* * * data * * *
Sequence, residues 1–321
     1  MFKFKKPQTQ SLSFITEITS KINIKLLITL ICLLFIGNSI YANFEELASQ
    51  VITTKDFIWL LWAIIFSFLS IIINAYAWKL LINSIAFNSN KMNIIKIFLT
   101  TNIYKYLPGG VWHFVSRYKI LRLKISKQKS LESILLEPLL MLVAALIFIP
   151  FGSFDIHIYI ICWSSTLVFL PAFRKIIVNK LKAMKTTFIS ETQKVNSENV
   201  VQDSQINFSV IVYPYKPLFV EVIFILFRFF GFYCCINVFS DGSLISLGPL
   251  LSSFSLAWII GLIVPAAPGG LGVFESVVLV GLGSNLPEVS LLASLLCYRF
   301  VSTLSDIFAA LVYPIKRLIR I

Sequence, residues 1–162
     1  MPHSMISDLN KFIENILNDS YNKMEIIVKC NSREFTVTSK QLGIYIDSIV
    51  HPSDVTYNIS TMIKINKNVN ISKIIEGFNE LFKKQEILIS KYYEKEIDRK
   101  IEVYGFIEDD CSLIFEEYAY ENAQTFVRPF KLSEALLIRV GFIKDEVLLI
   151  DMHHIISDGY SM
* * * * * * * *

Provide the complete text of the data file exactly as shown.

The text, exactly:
Sequence, residues 1–321
     1  MFKFKKPQTQ SLSFITEITS KINIKLLITL ICLLFIGNSI YANFEELASQ
    51  VITTKDFIWL LWAIIFSFLS IIINAYAWKL LINSIAFNSN KMNIIKIFLT
   101  TNIYKYLPGG VWHFVSRYKI LRLKISKQKS LESILLEPLL MLVAALIFIP
   151  FGSFDIHIYI ICWSSTLVFL PAFRKIIVNK LKAMKTTFIS ETQKVNSENV
   201  VQDSQINFSV IVYPYKPLFV EVIFILFRFF GFYCCINVFS DGSLISLGPL
   251  LSSFSLAWII GLIVPAAPGG LGVFESVVLV GLGSNLPEVS LLASLLCYRF
   301  VSTLSDIFAA LVYPIKRLIR I

Sequence, residues 1–162
     1  MPHSMISDLN KFIENILNDS YNKMEIIVKC NSREFTVTSK QLGIYIDSIV
    51  HPSDVTYNIS TMIKINKNVN ISKIIEGFNE LFKKQEILIS KYYEKEIDRK
   101  IEVYGFIEDD CSLIFEEYAY ENAQTFVRPF KLSEALLIRV GFIKDEVLLI
   151  DMHHIISDGY SM